HAVERHILL — The behavior of deer in the wild became a prime topic of debate this week in Grafton County Superior Court, with one Fish and Game officer even demonstrating for a jury the blowing sound a deer makes.
Attorney Leonard Harden said on the opening day of the 2011 New Hampshire deer season his client, Wade S. Holmes of Lisbon, heard a deer “blowing in the woods” before he fired — fatally wounding 31-year-old Kenneth Brunelle of Marlborough, Mass.
Holmes, 48 at the time of the incident, is on trial for negligent homicide and reckless conduct with a deadly weapon.
Holmes has insisted he saw and heard a doe that morning in the Lisbon woods and shot his Winchester 30-06 bolt-action rifle from about 75 feet.
New Hampshire game wardens were on the witness stand Monday and Tuesday for the prosecution. The exchanges between Harden and Fish and Game conservation officer Robert Mancini grew increasingly testy Tuesday.
Harden said Mancini didn’t know whether Holmes had seen a doe that day.
“I know it’s highly unlikely,” Mancini replied.
Harden repeated that Mancini didn’t know what Holmes had seen.
“I can’t say with any degree of certainty,” Mancini acknowledged.
Prosecutor Jack Bell has dismissed Holmes’ account and says there was no doe in that area off Mount Eustis Road. When he was shot, Brunelle — who had not been hunting — was videotaping the members of the hunting party he was with, including his father and brother.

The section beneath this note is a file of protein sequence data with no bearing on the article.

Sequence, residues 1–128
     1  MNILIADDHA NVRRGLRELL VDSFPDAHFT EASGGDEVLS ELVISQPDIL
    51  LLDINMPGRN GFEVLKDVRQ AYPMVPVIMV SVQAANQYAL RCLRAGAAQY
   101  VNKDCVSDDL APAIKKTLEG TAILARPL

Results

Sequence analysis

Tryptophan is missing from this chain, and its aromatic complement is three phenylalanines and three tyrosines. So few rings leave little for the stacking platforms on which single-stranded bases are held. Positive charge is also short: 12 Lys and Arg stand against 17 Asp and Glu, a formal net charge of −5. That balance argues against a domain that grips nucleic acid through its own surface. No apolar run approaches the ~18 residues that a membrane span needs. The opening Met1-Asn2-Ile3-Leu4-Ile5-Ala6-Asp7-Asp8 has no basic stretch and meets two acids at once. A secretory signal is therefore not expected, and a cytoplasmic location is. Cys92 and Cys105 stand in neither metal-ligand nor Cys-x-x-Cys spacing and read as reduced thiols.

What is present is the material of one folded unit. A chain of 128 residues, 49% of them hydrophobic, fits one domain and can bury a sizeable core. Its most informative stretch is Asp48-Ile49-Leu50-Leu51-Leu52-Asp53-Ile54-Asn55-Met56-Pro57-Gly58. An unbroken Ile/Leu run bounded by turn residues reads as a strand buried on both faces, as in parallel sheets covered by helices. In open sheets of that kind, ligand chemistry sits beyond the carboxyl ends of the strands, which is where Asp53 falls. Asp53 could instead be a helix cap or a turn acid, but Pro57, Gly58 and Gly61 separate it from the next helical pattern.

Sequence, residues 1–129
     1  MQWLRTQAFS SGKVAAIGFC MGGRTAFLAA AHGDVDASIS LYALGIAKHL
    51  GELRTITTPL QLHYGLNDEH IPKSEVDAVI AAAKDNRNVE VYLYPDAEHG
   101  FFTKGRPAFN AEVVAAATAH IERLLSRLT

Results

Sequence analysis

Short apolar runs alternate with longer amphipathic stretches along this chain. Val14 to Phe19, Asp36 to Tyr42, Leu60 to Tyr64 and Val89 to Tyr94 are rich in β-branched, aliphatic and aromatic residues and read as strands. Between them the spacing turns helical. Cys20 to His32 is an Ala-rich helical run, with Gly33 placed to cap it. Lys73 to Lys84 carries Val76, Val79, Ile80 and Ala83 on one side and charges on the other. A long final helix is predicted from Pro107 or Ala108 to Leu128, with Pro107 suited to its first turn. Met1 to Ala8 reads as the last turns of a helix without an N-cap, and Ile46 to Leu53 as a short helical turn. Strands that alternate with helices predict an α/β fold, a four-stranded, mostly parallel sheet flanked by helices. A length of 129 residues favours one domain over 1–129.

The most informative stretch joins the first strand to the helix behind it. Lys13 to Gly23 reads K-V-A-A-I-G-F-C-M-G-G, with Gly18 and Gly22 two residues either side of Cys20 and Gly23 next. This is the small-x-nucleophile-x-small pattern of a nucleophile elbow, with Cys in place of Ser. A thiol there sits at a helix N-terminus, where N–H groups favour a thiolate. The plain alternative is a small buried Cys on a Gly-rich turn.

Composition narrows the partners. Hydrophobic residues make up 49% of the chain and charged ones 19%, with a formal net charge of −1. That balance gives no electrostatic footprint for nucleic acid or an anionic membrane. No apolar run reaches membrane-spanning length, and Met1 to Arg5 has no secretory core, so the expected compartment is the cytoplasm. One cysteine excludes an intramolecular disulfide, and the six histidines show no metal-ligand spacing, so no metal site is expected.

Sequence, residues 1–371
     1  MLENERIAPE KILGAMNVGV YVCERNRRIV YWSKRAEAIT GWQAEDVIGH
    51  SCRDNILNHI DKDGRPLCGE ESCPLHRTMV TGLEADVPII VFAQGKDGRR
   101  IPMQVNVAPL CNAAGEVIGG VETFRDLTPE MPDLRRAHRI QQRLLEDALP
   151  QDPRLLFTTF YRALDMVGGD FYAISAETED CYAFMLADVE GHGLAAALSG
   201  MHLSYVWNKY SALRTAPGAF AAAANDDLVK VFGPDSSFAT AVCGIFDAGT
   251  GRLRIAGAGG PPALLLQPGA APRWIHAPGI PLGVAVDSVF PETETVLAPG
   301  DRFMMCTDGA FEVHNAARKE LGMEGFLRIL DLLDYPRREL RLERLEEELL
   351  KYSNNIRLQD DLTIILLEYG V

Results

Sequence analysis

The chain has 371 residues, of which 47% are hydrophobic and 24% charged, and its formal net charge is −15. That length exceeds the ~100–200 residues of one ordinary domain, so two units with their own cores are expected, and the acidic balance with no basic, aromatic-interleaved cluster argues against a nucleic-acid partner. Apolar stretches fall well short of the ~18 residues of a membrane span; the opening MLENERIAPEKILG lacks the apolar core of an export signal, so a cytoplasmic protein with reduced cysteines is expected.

Both Bell and Harden asked Mancini and, the previous day, conservation officer Gregory Jellison, what the “blow” or snort that deer are noted for meant, and how deer were likely to react on hearing a rifle shot.
Jellison said there are several theories on the “blow.” Deer could be expressing stress if they sense danger, alerting other deer to that danger or snorting in order to clear their nostrils and improve their ability to get the scent of that danger, Jellison said.
At Harden’s request, Jellison demonstrated the sound for the jury.
Jellison testified that there had been times when he’d heard a deer blow only once, while others did so several times. As far as reacting to a shot, “They have different reactions,” he said, including running, walking slowly away, or even standing still and looking at the shooter.
Jellison said he couldn’t know what Holmes saw before he fired.
“There’s no test for that, is there?” Harden asked.
“No,” Jellison replied.
On Tuesday, Mancini told Bell, “There are no absolutes in deer behavior.”
“Deer behavior, unless you’re a deer, I don’t know how you could ever nail it on the head,” Mancini said, as Bell completed his questioning.
During a courtroom break, Harden refused to say whether Holmes would take the stand. The trial continues this morning.